Have You Ever Wondered Why People Sleepwalk? Here's The Reason

Sleepwalking is one of those things that you may find hard to believe exists unless it actually happens to you. However, the sleep disorder is more common than you think with the Sleep Foundation estimating that sleepwalking affects up to 15 percent of the population. 

Medically referred to as somnambulism, Sleep Specialist at the Princess Alexander Hospital Sleep Disorders Centre in Australia, Dr. Claire Ellender, categorizes sleepwalking as a type of parasomnia — a group of sleep disorders that make you do things you shouldn't be doing while asleep like sleepwalking, sleep talking and bedwetting (via Queensland Health). 

But why does parasomnia happen? "It is thought that parasomnias are due to an incomplete dissociation of sleep and wakefulness, meaning the brain is halfway between being awake and being asleep at night," Dr. Ellender explained. But this doesn't mean those who sleepwalk aren't in a deep sleep. More often that not, sleepwalkers rarely remember leaving the bed.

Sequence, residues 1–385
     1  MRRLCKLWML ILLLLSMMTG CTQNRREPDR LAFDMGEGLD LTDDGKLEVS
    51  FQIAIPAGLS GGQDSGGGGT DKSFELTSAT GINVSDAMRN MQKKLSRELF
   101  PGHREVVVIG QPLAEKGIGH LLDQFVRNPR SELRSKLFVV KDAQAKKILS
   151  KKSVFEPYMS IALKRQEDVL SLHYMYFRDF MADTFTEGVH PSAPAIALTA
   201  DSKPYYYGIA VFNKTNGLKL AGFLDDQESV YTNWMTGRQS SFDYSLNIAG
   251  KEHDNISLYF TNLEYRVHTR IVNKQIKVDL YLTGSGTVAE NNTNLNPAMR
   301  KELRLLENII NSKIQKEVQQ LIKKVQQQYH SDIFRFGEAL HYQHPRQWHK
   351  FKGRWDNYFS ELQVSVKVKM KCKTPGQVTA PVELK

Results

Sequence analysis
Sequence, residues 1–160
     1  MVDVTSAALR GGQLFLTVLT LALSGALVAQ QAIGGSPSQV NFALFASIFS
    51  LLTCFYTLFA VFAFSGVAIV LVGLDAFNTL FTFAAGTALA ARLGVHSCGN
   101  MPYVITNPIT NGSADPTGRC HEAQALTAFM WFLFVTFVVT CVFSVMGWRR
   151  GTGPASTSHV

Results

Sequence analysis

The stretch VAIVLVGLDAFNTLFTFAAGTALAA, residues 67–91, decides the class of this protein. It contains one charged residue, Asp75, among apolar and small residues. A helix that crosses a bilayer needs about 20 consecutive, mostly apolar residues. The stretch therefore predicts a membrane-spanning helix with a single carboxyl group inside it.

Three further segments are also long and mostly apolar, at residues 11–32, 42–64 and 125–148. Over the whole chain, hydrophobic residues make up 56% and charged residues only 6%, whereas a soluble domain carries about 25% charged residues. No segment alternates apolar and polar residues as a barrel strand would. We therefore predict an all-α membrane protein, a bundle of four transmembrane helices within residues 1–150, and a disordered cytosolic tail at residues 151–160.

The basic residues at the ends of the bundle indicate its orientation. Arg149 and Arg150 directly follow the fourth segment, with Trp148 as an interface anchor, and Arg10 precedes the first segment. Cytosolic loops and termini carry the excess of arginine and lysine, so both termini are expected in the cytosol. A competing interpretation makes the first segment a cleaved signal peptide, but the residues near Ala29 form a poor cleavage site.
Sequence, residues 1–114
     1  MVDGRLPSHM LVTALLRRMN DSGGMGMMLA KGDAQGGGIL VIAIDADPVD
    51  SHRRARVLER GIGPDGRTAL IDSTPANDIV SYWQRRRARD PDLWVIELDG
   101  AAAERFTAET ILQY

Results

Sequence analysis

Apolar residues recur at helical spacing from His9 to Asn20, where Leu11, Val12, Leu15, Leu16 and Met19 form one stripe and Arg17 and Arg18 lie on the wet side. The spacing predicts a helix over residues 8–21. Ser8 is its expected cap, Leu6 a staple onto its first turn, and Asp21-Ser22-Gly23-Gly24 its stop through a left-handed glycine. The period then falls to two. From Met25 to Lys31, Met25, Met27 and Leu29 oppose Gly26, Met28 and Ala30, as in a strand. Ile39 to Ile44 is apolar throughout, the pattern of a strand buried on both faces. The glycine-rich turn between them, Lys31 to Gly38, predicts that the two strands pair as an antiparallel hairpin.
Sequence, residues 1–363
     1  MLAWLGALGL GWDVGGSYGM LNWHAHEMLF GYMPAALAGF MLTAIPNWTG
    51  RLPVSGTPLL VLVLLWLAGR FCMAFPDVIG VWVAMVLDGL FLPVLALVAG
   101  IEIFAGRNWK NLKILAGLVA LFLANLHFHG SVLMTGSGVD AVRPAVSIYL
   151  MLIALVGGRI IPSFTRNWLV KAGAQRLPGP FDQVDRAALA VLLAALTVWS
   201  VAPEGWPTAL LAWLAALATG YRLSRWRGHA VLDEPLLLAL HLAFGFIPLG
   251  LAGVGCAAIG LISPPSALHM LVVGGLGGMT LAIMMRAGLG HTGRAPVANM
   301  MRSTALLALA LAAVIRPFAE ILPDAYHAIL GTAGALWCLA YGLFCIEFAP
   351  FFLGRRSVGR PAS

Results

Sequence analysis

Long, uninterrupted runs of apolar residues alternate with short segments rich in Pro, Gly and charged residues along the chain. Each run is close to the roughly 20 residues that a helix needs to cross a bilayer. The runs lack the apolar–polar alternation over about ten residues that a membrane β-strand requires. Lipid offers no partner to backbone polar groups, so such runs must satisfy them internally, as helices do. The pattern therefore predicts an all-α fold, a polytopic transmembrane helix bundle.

Sleepwalking is more common in children

Sleepwalking is more common in children and is often believed to be genetic. "Sleepwalking happens more often in children than in adults, and the predisposing factor there might be the fact that kids have a lot more of slow-wave sleep, a deep non-REM sleep where sleepwalking often starts," Dr. Vishesh Kapur, director of the University of Washington Sleep Disorders Center, explained to Live Science. Many children who experience sleepwalking when they are young are therefore likely to grow out of it.

For those who suffer from sleepwalking as an adult, there are certain lifestyle factors that have the potential to cause it, or increase the chances of it occurring. "In general, avoiding triggers for sleepwalking such as alcohol, caffeine and stimulants before bed are helpful to reduce the frequency of sleepwalking," said Dr. Ellender. Sleep deprivation and certain conditions and medications can also cause adults to sleepwalk.